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Five Draft Day Strategies

Philadelphia, PA (Sports Network) - I've come up with five basic strategies which I have seen being used over my 30 years of playing fantasy football. Some work a lot better than others, but I'll let you make that decision.

"The Classic" -

It's the ultimate dream of every fantasy owner - to have two stud running backs in the backfield. It's the same theory that has been used since fantasy football got its start many years ago and it can still work today. The strategy is to draft two "workhorse" running backs in the first two rounds.

Many fantasy owners will tell you that in today's game, what with the dreaded "Running Back By Committee (RBBC), the west coast offense and new NFL rules to make it much easier to pass the football, you can't use this theory. They will tell you that it's a pass-happy world in 2011, but I disagree.

Fact - There were 13,920 rushing attempts in 2010 for 58,607 yards versus 13,666 and 55,440 in 2001 and 12,279 for 48,237 in 1991.

Fact - In 2010 there were 16 running backs who averaged 15+ carries-a-game and 17 running backs who rushed for 1,000+ yards.

Sure, you may not be able to put together a "Terrell Davis/Barry Sanders" backfield like I did in 1997, but you can still line up two quality backs. If you have one of the top-three picks, we're talking Chris Johnson and Matt Forte (fantasyfootballnerd.com ranking of 20) or in the back half of a 10-team league you can easily have a backfield consisting of Rashard Mendenhall (9) and Michael Turner (13).

Add in a couple of solid receivers and one of the many fine quarterbacks you can still get in the fourth or fifth rounds (example Tony Romo ranked 40th) and you have the core of a winning team.

"Best Player Available Theory (a.k.a. stockpiling)" -

Just as it says, you select the best player available when it's your turn to pick, regardless of position. Unfortunately, you frequently end up with an unbalanced roster. Five receivers, when you can only start two or three, is a waste of talent. In leagues where owners like to trade, you can still succeed, but you're dependent on your ability to "wheel and deal."

The fantasy owner who uses this method is frequently at the mercy of injuries; both his own and his opposition. An injury where he has only one good starter can ruin the plan. On the other hand, an injury to another owner's key player can have him paying through the nose for your surplus.

"Biggest Variance Theory" (tier theory) -

If you have done your homework, this is the most reliable strategy to use and the one I have employed successfully in both football and baseball for many years.

The strategy is all about determining which player will produce the largest margin over the next player at his position. You are not selecting the player who will score the most points, but the one who will give you the biggest advantage over your next available option.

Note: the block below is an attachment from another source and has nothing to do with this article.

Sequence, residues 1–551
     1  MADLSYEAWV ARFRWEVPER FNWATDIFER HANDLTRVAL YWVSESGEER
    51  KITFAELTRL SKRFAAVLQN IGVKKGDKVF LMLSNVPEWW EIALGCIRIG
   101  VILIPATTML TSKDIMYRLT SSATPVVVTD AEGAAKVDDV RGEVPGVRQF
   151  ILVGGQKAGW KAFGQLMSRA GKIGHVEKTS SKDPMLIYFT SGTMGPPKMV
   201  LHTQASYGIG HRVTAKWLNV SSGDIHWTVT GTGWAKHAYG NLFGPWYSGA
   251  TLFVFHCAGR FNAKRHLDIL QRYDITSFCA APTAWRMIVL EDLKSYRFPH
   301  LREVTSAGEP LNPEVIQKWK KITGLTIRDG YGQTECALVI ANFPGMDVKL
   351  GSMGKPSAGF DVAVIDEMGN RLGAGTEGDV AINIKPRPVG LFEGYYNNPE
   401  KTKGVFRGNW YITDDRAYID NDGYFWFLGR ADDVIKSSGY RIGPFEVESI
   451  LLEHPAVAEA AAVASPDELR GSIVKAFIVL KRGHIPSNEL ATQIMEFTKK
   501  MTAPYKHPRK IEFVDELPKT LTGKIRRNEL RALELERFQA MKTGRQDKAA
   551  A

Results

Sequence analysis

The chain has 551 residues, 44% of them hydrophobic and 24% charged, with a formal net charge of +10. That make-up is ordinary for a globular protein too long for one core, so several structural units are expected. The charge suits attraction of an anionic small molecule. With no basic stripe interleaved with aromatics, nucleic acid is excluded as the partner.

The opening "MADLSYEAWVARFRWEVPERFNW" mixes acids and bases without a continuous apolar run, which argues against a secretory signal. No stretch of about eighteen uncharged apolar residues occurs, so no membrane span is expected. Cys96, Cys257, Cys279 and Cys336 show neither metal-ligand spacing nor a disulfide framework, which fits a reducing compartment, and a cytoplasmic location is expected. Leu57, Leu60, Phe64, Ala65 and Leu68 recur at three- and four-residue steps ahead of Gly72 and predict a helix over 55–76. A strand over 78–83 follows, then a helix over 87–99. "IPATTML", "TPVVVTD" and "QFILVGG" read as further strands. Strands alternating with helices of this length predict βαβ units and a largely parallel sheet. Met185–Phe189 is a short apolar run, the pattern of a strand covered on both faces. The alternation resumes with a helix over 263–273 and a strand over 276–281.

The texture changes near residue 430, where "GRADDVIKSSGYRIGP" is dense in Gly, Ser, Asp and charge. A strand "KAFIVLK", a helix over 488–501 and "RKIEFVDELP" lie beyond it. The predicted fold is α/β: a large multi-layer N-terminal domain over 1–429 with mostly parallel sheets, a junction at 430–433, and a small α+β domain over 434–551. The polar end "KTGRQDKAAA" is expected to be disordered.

For example; You need a receiver and a tight end in the fourth and fifth rounds. There are six receivers in the current tier all of whom will score about the same amount of points, but only one tight end left at the tier and then it drops significantly. Even if all the receivers average more points than the tight end you are going to select, you must select the tight end in the fourth round and a wide receiver in the fifth round.

Possible Fourth Round Choices
PlayerTeamPos*PPGADP
Marques ColstonNOWR12.243
Brandon MarshallMIAWR11.846
Mike WilliamsTBWR11.139
Santonio HolmesNYJWR10.748
Dez BryantDALWR10.442
Wes WelkerNEWR10.149
Dallas ClarkINDTE11.353
Jermichael FinleyGBTE8.645
* = last year's points-per-game average


Here's the math - If you select the highest production in the fourth round, Colston 12.2 ppg and end up with Finley at 8.6 ppg with your next pick you total 20.8 ppg. If instead, you pick Dallas Clark at 11.3 ppg and end up with Wes Welker at 10.1 ppg in the next round you total 21.4 points-per-week from the pair.

"The One Loss Theory"-

I tried this one about four years ago and it worked perfectly as I went 15-1 and won the championship. In this strategy you intentionally draft players who all have the same bye week.

The theory is that while you will obviously lose the game when all your players have a bye, the payoff is that you will be at full strength in every other week while the opposition will likely be playing short-handed.

This season the Eagles, Giants, Patriots, Bills, Bengals and 49ers all have Week 7 off and the Falcons, Bears, Packers, Jets. Raiders and Buccaneers all have a bye in Week 8. They would seem to be the best bye options for this strategy.

"The Contrarian Theory" -

The Contrarian always goes against the grain. While you are picking running backs in the first few rounds, he's trying to get the best player at other positions and his first two picks are likely going to be a receiver and a quarterback. He's trying to get the best player in as many positions as possible.

The problem with this theory is that he's usually scraping the bottom of the barrel for running backs. He'll be looking for his two starters in rounds four and five and that means a starting backfield like Jahvid Best and Daniel Thomas is about as good as he will likely find.

Frequently you'll find the guy who uses this strategy is also the kind of guy who loves to draft rookies and sleepers. If he hits it big with one of his sleepers or first-year running backs, he can win the title, but its usually a long shot.

Comments? Criticism? Applause? Contact Steve Schwarz at sschwarz@sportsnetwork.com.


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